Wheaton, et al v. OWCP

Filing 920090316

Opinion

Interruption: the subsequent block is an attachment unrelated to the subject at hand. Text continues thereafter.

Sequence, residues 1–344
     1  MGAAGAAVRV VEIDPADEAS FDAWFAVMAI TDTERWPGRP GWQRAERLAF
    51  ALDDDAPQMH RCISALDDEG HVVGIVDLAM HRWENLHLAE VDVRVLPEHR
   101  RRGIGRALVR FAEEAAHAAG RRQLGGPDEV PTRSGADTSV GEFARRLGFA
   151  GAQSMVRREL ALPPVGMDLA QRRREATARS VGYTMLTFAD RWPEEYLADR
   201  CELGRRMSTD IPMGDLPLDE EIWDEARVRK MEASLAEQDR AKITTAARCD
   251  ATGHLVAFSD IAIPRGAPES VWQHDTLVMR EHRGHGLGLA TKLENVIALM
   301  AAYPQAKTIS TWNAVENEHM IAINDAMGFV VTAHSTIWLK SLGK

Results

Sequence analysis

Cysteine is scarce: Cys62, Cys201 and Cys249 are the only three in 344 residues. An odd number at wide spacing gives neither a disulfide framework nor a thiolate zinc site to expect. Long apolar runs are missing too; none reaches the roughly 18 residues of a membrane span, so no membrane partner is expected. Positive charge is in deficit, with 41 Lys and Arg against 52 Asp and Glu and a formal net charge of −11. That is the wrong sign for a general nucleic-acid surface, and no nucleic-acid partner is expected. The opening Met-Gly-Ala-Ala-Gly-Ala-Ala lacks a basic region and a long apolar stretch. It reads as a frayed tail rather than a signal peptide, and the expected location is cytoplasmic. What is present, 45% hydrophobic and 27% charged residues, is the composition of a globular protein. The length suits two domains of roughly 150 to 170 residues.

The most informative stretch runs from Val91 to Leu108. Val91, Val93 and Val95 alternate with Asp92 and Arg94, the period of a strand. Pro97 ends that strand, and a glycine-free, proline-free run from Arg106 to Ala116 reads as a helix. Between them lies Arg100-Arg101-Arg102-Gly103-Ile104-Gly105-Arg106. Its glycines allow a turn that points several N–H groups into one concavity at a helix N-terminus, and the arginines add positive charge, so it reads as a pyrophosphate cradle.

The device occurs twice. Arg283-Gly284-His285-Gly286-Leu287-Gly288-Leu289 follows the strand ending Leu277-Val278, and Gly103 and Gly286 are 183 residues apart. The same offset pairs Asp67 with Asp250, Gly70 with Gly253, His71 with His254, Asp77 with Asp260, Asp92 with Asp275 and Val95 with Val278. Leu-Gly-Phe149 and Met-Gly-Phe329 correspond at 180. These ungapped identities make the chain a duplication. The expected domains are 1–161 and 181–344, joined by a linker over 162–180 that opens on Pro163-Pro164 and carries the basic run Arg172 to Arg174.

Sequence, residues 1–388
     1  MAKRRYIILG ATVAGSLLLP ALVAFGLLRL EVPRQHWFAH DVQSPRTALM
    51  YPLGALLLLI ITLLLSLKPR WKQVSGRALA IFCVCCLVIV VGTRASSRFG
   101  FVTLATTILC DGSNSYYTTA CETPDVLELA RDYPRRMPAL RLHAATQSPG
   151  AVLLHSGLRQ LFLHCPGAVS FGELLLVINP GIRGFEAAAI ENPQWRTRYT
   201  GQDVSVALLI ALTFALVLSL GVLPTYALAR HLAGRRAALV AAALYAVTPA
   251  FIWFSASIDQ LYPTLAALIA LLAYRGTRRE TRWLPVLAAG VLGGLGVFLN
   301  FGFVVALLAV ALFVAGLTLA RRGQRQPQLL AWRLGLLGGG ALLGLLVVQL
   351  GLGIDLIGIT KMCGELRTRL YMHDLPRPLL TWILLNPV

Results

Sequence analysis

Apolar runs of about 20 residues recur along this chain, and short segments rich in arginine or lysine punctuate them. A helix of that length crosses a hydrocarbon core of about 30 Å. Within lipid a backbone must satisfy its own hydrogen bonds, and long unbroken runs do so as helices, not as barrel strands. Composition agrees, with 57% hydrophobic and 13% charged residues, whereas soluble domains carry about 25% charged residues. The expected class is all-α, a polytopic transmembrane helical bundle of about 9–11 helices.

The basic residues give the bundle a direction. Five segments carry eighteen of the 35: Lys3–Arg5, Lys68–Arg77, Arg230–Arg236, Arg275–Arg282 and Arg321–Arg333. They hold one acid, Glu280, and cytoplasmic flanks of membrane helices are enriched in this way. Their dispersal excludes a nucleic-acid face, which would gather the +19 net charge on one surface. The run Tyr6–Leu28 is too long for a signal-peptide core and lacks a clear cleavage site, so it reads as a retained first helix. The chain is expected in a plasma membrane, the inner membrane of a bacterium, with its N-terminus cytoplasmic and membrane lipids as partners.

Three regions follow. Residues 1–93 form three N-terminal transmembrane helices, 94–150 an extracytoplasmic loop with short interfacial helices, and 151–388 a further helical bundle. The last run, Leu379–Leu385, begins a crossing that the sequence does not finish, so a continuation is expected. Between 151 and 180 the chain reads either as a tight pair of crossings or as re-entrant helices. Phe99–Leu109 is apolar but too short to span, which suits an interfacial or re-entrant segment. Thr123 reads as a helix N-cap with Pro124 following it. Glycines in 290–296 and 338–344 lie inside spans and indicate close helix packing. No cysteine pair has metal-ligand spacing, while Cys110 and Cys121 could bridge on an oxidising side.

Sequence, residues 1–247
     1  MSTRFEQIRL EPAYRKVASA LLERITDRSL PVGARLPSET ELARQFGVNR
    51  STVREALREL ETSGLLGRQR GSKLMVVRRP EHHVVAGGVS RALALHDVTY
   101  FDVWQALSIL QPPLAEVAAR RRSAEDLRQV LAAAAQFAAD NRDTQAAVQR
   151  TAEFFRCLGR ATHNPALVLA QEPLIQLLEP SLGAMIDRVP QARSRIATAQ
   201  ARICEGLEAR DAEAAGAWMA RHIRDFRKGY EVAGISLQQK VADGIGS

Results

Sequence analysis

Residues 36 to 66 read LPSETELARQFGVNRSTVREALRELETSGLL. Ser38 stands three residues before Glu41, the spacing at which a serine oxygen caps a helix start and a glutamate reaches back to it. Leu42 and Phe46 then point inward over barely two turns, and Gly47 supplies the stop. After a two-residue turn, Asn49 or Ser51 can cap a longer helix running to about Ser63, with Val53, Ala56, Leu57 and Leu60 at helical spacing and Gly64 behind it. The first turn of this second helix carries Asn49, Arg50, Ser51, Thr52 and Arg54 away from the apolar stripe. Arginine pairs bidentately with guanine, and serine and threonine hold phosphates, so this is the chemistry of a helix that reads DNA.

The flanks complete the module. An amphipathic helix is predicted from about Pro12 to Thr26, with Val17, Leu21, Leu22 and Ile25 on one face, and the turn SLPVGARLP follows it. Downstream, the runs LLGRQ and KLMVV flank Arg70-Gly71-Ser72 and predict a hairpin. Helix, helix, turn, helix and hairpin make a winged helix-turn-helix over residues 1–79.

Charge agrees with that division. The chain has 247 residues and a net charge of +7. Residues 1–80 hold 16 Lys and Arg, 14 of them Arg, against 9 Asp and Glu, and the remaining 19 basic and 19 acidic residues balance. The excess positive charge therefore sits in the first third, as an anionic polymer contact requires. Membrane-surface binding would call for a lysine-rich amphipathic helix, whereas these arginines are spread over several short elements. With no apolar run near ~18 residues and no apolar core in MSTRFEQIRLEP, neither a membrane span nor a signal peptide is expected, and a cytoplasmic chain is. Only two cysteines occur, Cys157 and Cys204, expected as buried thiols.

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FOR PUBLICATION UNITED STATES COURT OF APPEALS FOR THE NINTH CIRCUIT GALE WHEATON, Petitioner, v. GOLDEN GATE BRIDGE, HIGHWAY & TRANSPORTATION DISTRICT; NATIONAL UNION FIRE INSURANCE COMPANY OF PITTSBURGH, PENNSYLVANIA, and DIRECTOR, OFFICE OF WORKERS' COMPENSATION PROGRAMS, UNITED STATES DEPARTMENT OF LABOR, Respondents. No. 07-72141 BRB No. 06-0672 OPINION On Petition for Review of a Final Order of the Benefits Review Board Argued and Submitted December 12, 2008--San Francisco, California Filed March 16, 2009 Before: Betty B. Fletcher and M. Margaret McKeown, Circuit Judges, and William T. Hart*, District Judge. Per Curiam Opinion *The Honorable William T. Hart, United States District Judge for the Northern District of Illinois, is sitting by designation. 3375 3378 WHEATON v. GOLDEN GATE BRIDGE COUNSEL John Ralph Hillsman, Esquire, McGuinn, Hillsman & Palefsky, San Francisco, California, for the petitioner. Helen Hart Cox, Attorney, U.S. Department of Labor, Washington, DC, for the respondents. WHEATON v. GOLDEN GATE BRIDGE 3379 OPINION PER CURIAM: Gale Wheaton appeals the denial of his claim for disability benefits under the Longshore and Harbor Workers' Compensation Act ("LHWCA"). Gale Wheaton was a ferry repairman and mechanic in the Ferry Division of the Golden Gate Bridge, Highway & Transportation District (the "District"). In October 1999, he suffered a back injury while working aboard a vessel on navigable waters of the United States. Wheaton has been paid benefits under California workers' compensation law. If covered by the LHWCA, he would be entitled to additional disability benefits. The dispute turns on whether the District is a "subdivision" of a state as that term is used in 3(b) of the LHWCA, 33 U.S.C. 903(b), which provides: "No compensation shall be payable in respect of the disability or death of an officer or employee of the United States, or any agency thereof, or of any State or foreign government, or any subdivision thereof." An administrative law judge ("ALJ") found, relying on facts stipulated to by the parties, that the District was a subdivision of the State of California and therefore was excluded from coverage under the LHWCA. Wheaton timely appealed to the LHWCA Benefits Review Board ("BRB"), which affirmed. Before this court, both the District and the United States Department of Labor, by the Director of the Office of Workers' Compensation Programs (the "Director"), argue for affirmance. The parties agree that the District is not an arm of the state entitled to the protections of the Eleventh Amendment nor entitled to state sovereign immunity from federal claims. Case law supports those conclusions. See Michaeledes v. Golden Gate Bridge, Highway & Transp. Dist., 202 F. Supp. 2d 1109, 1112-13 (N.D. Cal. 2002). See also Dougherty v. Golden Gate Bridge, Highway & Transp. Dist., 31 F. Supp. 2d 724, 727 & 3380 WHEATON v. GOLDEN GATE BRIDGE n.3 (N.D. Cal. 1998) (dictum that the District "likely" is not an arm of the state). They also agree that, under California law, the District has the status of a local public agency such as a county or municipality. The parties further stipulated to a number of facts related to the District's creation, administration, operations, and powers. The ALJ applied, and the BRB affirmed, application of a multifactor test for determining whether a public entity is a subdivision. This test was derived from our precedent as well as guidance from the United States Supreme Court and the Benefits Review Board. See Tyndzik v. Director, OWCP, 53 F.3d 1050, 1052-53 (9th Cir. 1995); Keating v. City of Titusville, 31 BRBS 187 (BRB 1997); NLRB v. Natural Gas Util. Dist. of Hawkins County, Tenn., 402 U.S. 600, 605-09 (1971) (interpreting "political subdivision" as used in the NLRA, 29 U.S.C. 152(2)). [1] In Tyndzik, 53 F.3d at 1052-53 & n.5, we held that the University of Guam was not a subdivision of a state1 as that term is used in the LHWCA. We noted that the University was created by the legislature, had a Board of Regents appointed by the legislature, and had a budget controlled by the legislature. However, we held the University was not a subdivision of Guam because the Guam government did not otherwise control the University and the University could not perform basic government functions on its own, take property by eminent domain, enact ordinances, or impose taxes. In so holding, we stated that the University was not "akin" to a municipality, which would qualify it as a subdivision, citing dictum from Purnell v. Norned Shipping B.V., 801 F.2d 152, 154 n.2 (3d Cir. 1986). Tyndzik, 53 F.3d at 1053. We cited the NLRA definition of "political subdivision" as being analogous and the facts that we relied on are among the factors considered in determining whether an entity is a "political As used in the LHWCA, "State" includes a territory. 33 U.S.C. 902(8). 1 WHEATON v. GOLDEN GATE BRIDGE 3381 subdivision" as that term is used in 2(2) of the NLRA, 29 U.S.C. 152(2). See Hawkins County, 402 U.S. at 606-09; Molina v. Union Independiente Autentica De La AAA, 555 F. Supp. 2d 284, 299 (D.P.R. 2008). [2] Factors that may be considered under the Hawkins County test in determining whether the entity's actual operations and characteristics support the conclusion that it is a subdivision of a state include: (a) whether the entity was created by state law; (b) whether the entity was granted all the powers necessary to exercise its functions; (c) whether the entity has the power of eminent domain; (d) whether the entity has the power to assess or collect taxes; (e) the entity's status under state law; (f) whether the entity is exempt from federal taxation; (g) whether the entity's operations are subject to public hearing and its records open to the public; (h) whether the officials administering the entity are responsible to the public or public officials; (i) whether social security benefits for the entity's employees are provided through voluntary rather than mandatory coverage; (j) whether the entity's officers receive nominal compensation; and (k) whether the entity has the power of subpoena. See Hawkins County, 402 U.S. at 606-09; see also Ayres v. International Bhd. of Elec. Workers, 666 F.2d 441, 442 (9th Cir. 1982). Petitioner contends that the BRB erred in relying on Tyndzik and the Hawkins County factors in determining that the District is a subdivision for purposes of the LHWCA. Petitioner also contends that, even if the BRB properly relied on the Hawkins County factors, it misapplied them to the stipulated facts. This court has established the standard for review in LHWCA benefits cases, including a determination based on stipulated facts. Whether an employee who seeks benefits is covered by the LHWCA is a mixed question of fact and law. Harbor Tug & Barge Co. v. Papai, 520 U.S. 548, 553-54 (1997). Where, as here, the underlying 3382 WHEATON v. GOLDEN GATE BRIDGE facts are undisputed, LHWCA coverage is decided as a matter of law. See id. We review "questions of law, including interpretations of the LHWCA," de novo. Gen. Const. Co. v. Castro, 401 F.3d 963, 965 (9th Cir. 2005). Because the BRB is not a policymaking body, its construction of the LHWCA is not entitled to any "special deference." M. Cutter Co. v. Carroll, 458 F.3d 991, 993 (9th Cir. 2006) (internal quotation marks omitted). However, we will " `respect the Board's interpretation of the [LHWCA] where such interpretation is reasonable and reflects the policy underlying the statute.' " Id. (quoting McDonald v. Dir., OWCP, 897 F.2d 1510, 1512 (9th Cir. 1990)). Peru v. Sharpshooter Spectrum Venture LLC, 493 F.3d 1058, 1061 (9th Cir. 2007). Additionally, the Director's interpretation of the LHWCA, even when advanced during litigation, will be accorded "considerable weight." Healy Tibbitts Builders, Inc. v. Director, OWCP, 444 F.3d 1095, 1098 (9th Cir. 2006) (citing Mallott & Peterson v. Director, OWCP, 98 F.3d 1170, 1172 (9th Cir. 1996)); Christensen v. Stevedoring Serv. of Am., Inc., 430 F.3d 1032, 1034-35 (9th Cir. 2005) (quoting Force v. Director, OWCP, 938 F.2d 981, 983 (9th Cir. 1991)). "Where the relevant statute is `easily susceptible' of the Director's interpretation, `we need go no further.' " Christensen, 430 F.3d at 1035 (quoting Force, 938 F.2d at 984). Accord Healy, 444 F.3d at 1098 (quoting Mallott, 98 F.3d at 1172). As originally enacted and until amended in 1984, the pertinent provision was contained in 3(a)(2) of the LHWCA, 33 U.S.C. 903(a)(2), and read the same except that the word "political" was before "subdivision." See Pub. L. 98-426 3, 98 Stat. 1640 (Sept. 28, 1984). The LHWCA contains no definition of "subdivision" and there are no regulations providing a definition. The legislative history from the original enactment in 1927 contains nothing addressing this term nor is WHEATON v. GOLDEN GATE BRIDGE 3383 there any legislative history from the 1984 amendment that aids in interpreting the term or explaining why "political" was dropped from the statutory language. [3] Along with Tyndzik, other courts have consistently held that municipalities and agencies of municipalities fall within the meaning of subdivision as that term is used in the LHWCA. See O'Brien v. City of New York, 822 F. Supp. 943, 950 (E.D.N.Y. 1993); Bagrowski v. American Export Isbrandtsen Lines, Inc., 305 F. Supp. 432, 433 (E.D. Wis. 1969), rev'd on other grounds, 440 F.2d 502 (7th Cir. 1971); City of Plantation v. Roberts, 342 So. 2d 69, 71 & n.1 (Fla. 1976). Also, when the LHWCA was passed in 1927, the term "political subdivision" was commonly used to include municipalities. See, e.g., First Nat'l Bank v. City of Hartford, 273 U.S. 548, 551 (1927) (quoting Wis. Stat. 70.11) ("any county, town, city village, school district, or other political subdivision of this state"); General Am. Tank Car Corp. v. Day, 270 U.S. 367, 371-72 (1926) (referring to municipalities and parishes of Louisiana as "political subdivisions"); Joslin Mfg. Co. v. City of Providence, 262 U.S. 668, 674 (1923) ("[m]unicipalities are political subdivisions of the state"); City of Trenton v. State of N.J., 262 U.S. 182, 185-86 (1923) ("The city is a political subdivision of the state, created as a convenient agency for the exercise of such of the governmental powers of the state as may be intrusted to it."). Wheaton argues that the consistent line of cases that hold the plain meaning of "subdivision" includes municipalities, schools districts, and the like should not be followed in interpreting 3(b) because such a construction is inconsistent with the purposes and structure of the LHWCA. Wheaton reasons that (a) only a federal law such as the exclusive remedy provision of 5 of the LHWCA, 33 U.S.C. 905, can immunize a municipal entity against federal maritime law; (b) if a municipality, which is not protected by the Eleventh Amendment or state sovereign immunity from federal claims, is excluded from the LHWCA as a political subdivision, it will 3384 WHEATON v. GOLDEN GATE BRIDGE not have protection from maritime tort liability claims of its maritime employees; and (c) this result would be inconsistent with a purpose of the LHWCA, which is to protect employers from such liability to its employees. Thus, Wheaton argues that "subdivision" in the LHWCA should be read to include only arms of the state, which the parties agree the District is not. [4] A key problem with this reasoning is that there is no legislative history supporting Wheaton's view. Instead, the legislative history indicates that the primary purposes of the LHWCA were to provide workers' compensation protection for those maritime workers who would not be covered by state workers' compensation laws under Southern Pac. Co. v. Jensen, 244 U.S. 205 (1917), and its progeny, and to protect employers, not from maritime tort liability, but from the uncertainty of whether employees were or were not covered by state compensation laws. See Calbeck v. Travelers Ins. Co., 370 U.S. 114, 119-24 (1962). Wheaton argues that a purpose of protecting the employer from tort liability should be assumed for the LHWCA because the LHWCA contains an exclusive remedy provision, 33 U.S.C. 905, and a purpose of most workers' compensation acts is that they provide a tradeoff between liability without the need to prove fault and a more limited recovery. See Bradford Elec. Light Co. v. Clapper, 286 U.S. 145, 159 (1932), overruled on other grounds, Crider v. Zurich Ins. Co., 380 U.S. 39 (1965). No legislative history, however, supports that this was a principal purpose for passing the LHWCA; nor that the exclusion for political subdivisions was in any way related to respect for sovereign immunity. [5] Wheaton contends that, in the phrase "any State or foreign government," "State" should be read as a modifier of "government." The pertinent statutory language would then read: "any State . . . government, or any subdivision thereof." That language referring to a subdivision of State government then is meant to be limited to departments or arms of the State WHEATON v. GOLDEN GATE BRIDGE 3385 government. The more natural reading, however, is to read "State" or "foreign government" as two separate nouns. The original language of the statute containing "political subdivision" was understood as referring to an entity in the state, not just a department of the government. There is nothing to indicate that dropping "political" from the statute was meant to effect a substantive change. [6] The plain language of the statute--"a State . . . or any subdivision thereof"--should be read as including municipalities of a state, not just arms of a state as Petitioner contends. Cf. Pacific Mar. Ass'n v. Local 63, Int'l Longshoremen's & Warehousemen's Union, 198 F.3d 1078, 1081 (9th Cir. 1999) (construing similar language in the NLRA). Moreover, even were the statutory language open to more than one interpretation, the BRB's and Director's construction should be respected and upheld as long as it is reasonable. Peru, 493 F.3d at 1061; Healy, 444 F.3d at 1098. It is reasonable to construe subdivision of a State as including municipalities of a State. Such a construction by the BRB and Director is also reasonable in light of the consistent case law so construing 3(b). See O'Brien, 822 F. Supp. at 950; Bagrowski, 305 F. Supp. at 433; Roberts, 342 So. 2d at 71; see also Tyndzik, 53 F.3d at 1053; Purnell, 801 F.2d at 154 n.2. See also Pacific Mar., 198 F.3d at 1081. The Hawkins County test should be applied to determine whether the District is a subdivision of California. [7] We further find, contrary to Petitioner's contention, that the BRB weighed the Hawkins County factors correctly in finding that the District is a subdivision of the state. As stipulated by the parties, the District was created pursuant to state law and following a vote in a six-county area. The District's directors are appointed by local elected officials. Meetings of the District's board are open to the public and the District must follow state competitive bidding requirements. The District is a corporate body that may take action in its own name. Its employees are employees of the District, not employees of 3386 WHEATON v. GOLDEN GATE BRIDGE the state. In accordance with applicable statutes, the District has full power to perform and fund all its functions. Actions of the District's board are effected through ordinances, resolutions, and motions. The District cannot levy taxes, but it establishes and collects tolls and can issue bonds in its own name to finance its functions. It also may obtain federal funding in its own name. The District also has the power of eminent domain. It may enter into contracts, including contracts with other public entities. It may establish rules and regulations governing the use of its property. Within the confines of the California Vehicle Code, the District establishes traffic regulations for traveling on its facilities and the California Highway Patrol enforces violations of the District's traffic rules. Under California law, it is considered a local public agency with the same status and tort immunities as a county or municipality. [8] The factors that were considered in Hawkins County and Tyndzik support the BRB's holding that the District is a subdivision of the state. Although the BRB did not have before it stipulated facts relevant to every factor, the District possessed sufficient characteristics of a political subdivision to render the BRB's finding reasonable. Petitioner contends the facts do not support that the District is a subdivision of the State because it is financially independent of the state, none of the members of its board are elected, and providing mass transportation by ferry is not a basic governmental function. Being financially independent of the state helps establish that the District is not an arm of the state, but not necessarily that it is a private corporation. Municipalities and other local entities are financially independent of the state, but are still political subdivisions. Having the District's board appointed by local officials is a factor favoring a determination that it is a subdivision; it is not necessary that the board itself be elected or composed of officials elected to other positions.2 AppointThe ALJ cited Cal. Streets & Highway Code 27510 for the proposition that 8 members of the 19-member board must be elected local officials. 2 WHEATON v. GOLDEN GATE BRIDGE 3387 ment of the governing board by elected officials favors the conclusion that the entity is a subdivision of the state. Hawkins County, 402 U.S. at 605. The District manages a bridge, including the highway that goes over it. It also manages public transportation by bus and ferry. These are governmental functions. See Commissioner of Internal Revenue v. Harlan, 80 F.2d 660, 661-62 (9th Cir. 1935) (in holding, for purposes of a tax ruling, that the District was engaged in governmental functions, the court stated "the maintenance of highways, and consequently of bridges and ferries connecting the same, by the government or its subdivisions" is "well established" to be the "exercise of an essential governmental function"); United States v. Washington Toll Bridge Auth., 307 F.2d 330, 332-33 (9th Cir. 1962). The other factor raised by petitioner is that the District has no taxing powers. Highways and bridges are often funded by tolls instead of local taxes, as is the District. The BRB's determination that "subdivision," as used in 3(b) of the LHWCA, 33 U.S.C. 903(b), includes local municipal entities is consistent with the language of the statute and the case law. We uphold the BRB's determination that the District is a subdivision of the state as reasonable. The decision of the BRB, denying LHWCA benefits, is AFFIRMED.